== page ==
Suffixes of this type express how much choice the subject has about the action described or how predisposed the subject is to doing it.
vIleghnIS I need to see him/her (legh see)
bISopnIS you need to eat (Sop eat)
Heghqang he/she is willing to die (Hegh die)
qaja'qang I am willing to tell you (ja' tell)
-rup ready, prepared (referring to beings)
Heghrup he/she is ready to die (Hegh die)
qaleghrup I am ready to see you (legh see)
nuja'rup they are prepared to tell us (ja' tell)
-beH ready, set up (referring to devices)
pojbeH (the device) is set up to analyze it (poj analyze)
labbeH (the device) is ready to transmit data (lab transmit data)
There is, it should be noted, a verb ghuS which means to be prepared to launch or project (something). This verb never takes the suffix -rup. It is used primarily in reference to torpedoes---so much so that if the object is not specifically stated, and context does not dictate otherwise, it is always assumed to be torpedoes. Accordingly, both of the following sentences mean Be prepared to launch torpedoes! or Stand by on torpedoes!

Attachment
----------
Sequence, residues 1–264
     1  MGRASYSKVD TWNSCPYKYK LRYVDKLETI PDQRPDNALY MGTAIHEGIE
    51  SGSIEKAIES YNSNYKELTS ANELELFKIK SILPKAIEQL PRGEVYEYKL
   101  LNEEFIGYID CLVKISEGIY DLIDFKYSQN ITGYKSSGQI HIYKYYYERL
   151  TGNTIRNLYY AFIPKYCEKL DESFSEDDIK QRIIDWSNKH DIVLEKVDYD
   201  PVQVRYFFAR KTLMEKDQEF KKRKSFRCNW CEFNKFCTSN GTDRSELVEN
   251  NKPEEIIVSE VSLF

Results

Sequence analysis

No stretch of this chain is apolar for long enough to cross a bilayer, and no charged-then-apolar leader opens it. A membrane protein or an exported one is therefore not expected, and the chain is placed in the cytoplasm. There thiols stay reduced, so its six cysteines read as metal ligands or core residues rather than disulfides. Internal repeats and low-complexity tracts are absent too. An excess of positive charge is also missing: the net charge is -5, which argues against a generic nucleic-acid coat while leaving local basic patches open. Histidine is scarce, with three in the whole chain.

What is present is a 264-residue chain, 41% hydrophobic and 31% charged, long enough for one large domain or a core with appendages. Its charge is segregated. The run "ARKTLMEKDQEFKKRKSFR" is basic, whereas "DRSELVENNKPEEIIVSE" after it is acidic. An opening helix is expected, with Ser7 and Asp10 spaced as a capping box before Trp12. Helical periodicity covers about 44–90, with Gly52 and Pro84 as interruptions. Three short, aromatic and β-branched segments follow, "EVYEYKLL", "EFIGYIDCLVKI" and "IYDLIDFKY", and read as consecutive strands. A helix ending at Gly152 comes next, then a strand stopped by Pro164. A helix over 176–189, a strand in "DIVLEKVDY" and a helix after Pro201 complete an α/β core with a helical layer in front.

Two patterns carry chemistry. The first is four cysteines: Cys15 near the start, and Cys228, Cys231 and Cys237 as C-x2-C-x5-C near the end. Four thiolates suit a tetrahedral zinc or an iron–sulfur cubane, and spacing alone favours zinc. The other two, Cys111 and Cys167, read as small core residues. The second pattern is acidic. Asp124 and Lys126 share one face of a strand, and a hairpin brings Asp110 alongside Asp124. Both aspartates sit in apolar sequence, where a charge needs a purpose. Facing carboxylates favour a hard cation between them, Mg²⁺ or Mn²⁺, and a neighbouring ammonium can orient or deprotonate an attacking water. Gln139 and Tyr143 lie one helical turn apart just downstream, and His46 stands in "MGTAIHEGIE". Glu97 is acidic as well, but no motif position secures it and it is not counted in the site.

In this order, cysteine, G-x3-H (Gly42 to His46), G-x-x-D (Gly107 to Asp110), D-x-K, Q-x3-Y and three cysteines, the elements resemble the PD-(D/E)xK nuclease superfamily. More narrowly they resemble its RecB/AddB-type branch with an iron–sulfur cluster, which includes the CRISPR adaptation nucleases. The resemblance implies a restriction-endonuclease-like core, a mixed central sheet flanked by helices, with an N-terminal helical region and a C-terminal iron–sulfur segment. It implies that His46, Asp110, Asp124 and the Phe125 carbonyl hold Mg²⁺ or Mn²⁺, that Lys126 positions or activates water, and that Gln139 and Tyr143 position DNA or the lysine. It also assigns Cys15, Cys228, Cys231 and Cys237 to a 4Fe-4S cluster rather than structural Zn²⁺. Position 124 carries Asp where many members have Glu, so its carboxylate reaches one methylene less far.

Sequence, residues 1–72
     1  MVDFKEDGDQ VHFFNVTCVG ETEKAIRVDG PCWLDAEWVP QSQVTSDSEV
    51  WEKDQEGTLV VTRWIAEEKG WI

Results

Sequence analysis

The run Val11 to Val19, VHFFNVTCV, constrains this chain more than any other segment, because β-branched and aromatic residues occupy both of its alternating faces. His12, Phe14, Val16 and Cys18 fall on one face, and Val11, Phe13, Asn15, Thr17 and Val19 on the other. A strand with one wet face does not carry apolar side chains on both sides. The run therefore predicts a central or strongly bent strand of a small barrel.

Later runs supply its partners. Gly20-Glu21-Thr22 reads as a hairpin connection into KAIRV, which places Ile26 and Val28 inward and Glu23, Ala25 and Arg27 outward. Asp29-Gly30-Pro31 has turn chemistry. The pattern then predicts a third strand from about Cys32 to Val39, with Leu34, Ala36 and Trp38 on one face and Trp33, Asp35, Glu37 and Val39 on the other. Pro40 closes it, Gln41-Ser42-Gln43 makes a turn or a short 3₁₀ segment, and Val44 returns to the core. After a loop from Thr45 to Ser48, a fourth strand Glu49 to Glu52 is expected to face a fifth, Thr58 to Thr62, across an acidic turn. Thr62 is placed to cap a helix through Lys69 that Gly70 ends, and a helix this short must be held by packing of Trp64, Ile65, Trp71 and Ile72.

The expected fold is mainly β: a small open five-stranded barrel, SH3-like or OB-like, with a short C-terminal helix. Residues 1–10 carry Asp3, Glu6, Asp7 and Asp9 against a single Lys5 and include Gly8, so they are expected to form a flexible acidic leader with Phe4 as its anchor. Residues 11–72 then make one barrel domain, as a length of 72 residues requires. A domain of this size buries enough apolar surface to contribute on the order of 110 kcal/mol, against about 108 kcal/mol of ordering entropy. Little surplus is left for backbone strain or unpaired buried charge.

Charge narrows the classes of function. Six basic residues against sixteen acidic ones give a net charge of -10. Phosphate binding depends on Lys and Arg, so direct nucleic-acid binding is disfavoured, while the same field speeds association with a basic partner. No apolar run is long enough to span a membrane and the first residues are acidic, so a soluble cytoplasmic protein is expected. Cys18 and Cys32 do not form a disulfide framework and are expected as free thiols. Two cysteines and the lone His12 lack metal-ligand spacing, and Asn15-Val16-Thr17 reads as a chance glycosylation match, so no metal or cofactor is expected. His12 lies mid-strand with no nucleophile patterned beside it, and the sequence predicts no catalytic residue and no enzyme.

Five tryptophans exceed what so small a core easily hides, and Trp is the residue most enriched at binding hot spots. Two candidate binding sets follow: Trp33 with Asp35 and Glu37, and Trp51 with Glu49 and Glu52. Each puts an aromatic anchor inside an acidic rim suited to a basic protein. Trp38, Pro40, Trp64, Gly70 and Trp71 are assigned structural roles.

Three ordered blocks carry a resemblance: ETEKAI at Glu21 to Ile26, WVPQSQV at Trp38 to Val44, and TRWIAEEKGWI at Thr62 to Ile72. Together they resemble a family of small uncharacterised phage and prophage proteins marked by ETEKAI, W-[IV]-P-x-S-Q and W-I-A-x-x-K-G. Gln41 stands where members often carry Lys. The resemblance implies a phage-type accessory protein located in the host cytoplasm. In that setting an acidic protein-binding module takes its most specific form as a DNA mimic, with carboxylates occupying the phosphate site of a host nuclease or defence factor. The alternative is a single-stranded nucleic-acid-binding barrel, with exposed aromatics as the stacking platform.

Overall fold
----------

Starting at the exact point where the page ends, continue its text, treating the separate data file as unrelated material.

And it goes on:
cha yIghuS (cha torpedoes)
The verb ghuS can also be used in reference to, among other things, rockets, missiles, and various kinds of energy beams (which, like torpedoes, go from one point to another). It is also used to describe the action of pulling back the elastic band of a slingshot. In most other instances of preparedness, however, -rup is required.
choHoHvlp you are afraid to kill me (HoH kill)
muqIpvIp they are afraid to hit us (qIp hit)
This suffix is rarely used with a prefix meaning I or we. Though it is grammatically correct, it is culturally taboo.